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The swiveling camera is the main thing that will get curious buyers to look at the phone. It can rotate up to 270 degrees, and Oppo claims that stress testing showed that it can have as much as 100,000 complete rotations before it will eventually fail. That’s already a huge number so you won’t have to worry about the rotating camera being worn out easily – unless, of course, if you’re just sitting all day and you are just twisting the camera. At first, it’s a bit difficult to rotate the hinge, but you will eventually get past that stage as soon as you get the hang of it.

 

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Another noteworthy feature of the Oppo N1 is the touchpad. It has a vague outline of dashed lines to make the touchpad easier to feel.

 

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Display

The Oppo N1 has an excellent display, thanks to its 1080p LCD. The screen experience is great because the brightness is awesome, the viewing angles are good, and it has well-balanced colors.

 

The points to improve:

  • Turning on the display takes some time. The warm up time for the LCD is almost infuriating, even if your phone has been turned on for only 5 minutes. This is comparable to the old Super AMOLED display of Samsung phones.
  • The review unit has a pressure damage in the screen’s lower right portion. When you try to press the area, there is a liquid-like thing that turns up.

 

Battery life

The 3610mAh battery of the Oppo N1 provides for a respectable battery life. This 3610mAh capacity lets the N1 have one of the biggest batteries among all smartphones now. With moderate usage, you can have up to 2 days of screen-on time with the WiFi on for a few hours. That in itself is remarkable.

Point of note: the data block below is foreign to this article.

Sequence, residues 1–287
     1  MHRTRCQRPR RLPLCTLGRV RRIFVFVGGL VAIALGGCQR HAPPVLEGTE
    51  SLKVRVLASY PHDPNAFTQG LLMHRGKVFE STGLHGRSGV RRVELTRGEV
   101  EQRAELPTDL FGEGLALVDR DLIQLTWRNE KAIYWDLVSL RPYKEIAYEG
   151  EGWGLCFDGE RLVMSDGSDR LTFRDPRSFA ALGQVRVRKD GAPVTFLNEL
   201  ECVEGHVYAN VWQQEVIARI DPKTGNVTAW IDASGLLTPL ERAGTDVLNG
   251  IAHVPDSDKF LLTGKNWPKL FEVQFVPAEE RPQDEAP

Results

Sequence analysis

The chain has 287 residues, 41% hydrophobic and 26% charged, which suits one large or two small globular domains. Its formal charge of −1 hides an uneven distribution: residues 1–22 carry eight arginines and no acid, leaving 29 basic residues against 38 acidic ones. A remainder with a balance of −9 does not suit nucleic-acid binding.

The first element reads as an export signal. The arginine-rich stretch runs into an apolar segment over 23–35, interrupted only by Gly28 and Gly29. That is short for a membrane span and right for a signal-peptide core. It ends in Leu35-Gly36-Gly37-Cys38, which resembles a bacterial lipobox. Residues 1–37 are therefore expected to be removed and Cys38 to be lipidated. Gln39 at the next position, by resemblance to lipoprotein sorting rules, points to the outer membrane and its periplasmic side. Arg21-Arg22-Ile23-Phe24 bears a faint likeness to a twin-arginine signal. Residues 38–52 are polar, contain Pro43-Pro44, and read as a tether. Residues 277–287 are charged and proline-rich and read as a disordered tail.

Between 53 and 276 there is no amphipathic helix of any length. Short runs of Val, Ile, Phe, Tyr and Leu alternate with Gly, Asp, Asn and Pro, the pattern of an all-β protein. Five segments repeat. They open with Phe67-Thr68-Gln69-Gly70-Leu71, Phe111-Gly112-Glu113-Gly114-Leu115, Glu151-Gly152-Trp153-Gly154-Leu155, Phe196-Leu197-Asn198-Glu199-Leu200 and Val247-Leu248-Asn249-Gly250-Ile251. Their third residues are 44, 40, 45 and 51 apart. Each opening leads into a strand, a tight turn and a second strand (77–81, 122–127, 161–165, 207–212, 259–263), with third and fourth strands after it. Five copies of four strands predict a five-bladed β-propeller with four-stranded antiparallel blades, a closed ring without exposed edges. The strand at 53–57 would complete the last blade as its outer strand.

Storage and wireless

The N1 can be bought in the 16gb version or the 32gb version. The bad news is that the phone is partitioned between the internal storage and the SD card storage. You can only use the internal storage for the apps.

 

In terms of wireless performance, the Oppo N1 provides a solid experience. There are some problems when using mobile data connectivity, but these problems are rare.

 

Speakers and call quality

The Oppo N1 has a fairly good call quality, though the proximity sensor is not that reliable for voice calls. There are some instances where you can accidentally hang up the call or face dial a contact.

 

The audio, meanwhile, is excellent. The speaker gets as loud as you’d want it to be, though it still cannot be compared to the speakers of the Galaxy S4. Also, because the speakers are located at the bottom, you could easily cover it with your palm or finger.

 

Camera

The camera of the Oppo N1 is largely similar to the one found in the CM build of the Nexus 5.

 

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The good points:

  • Image quality is good. It’s almost a high-end phone in terms of camera.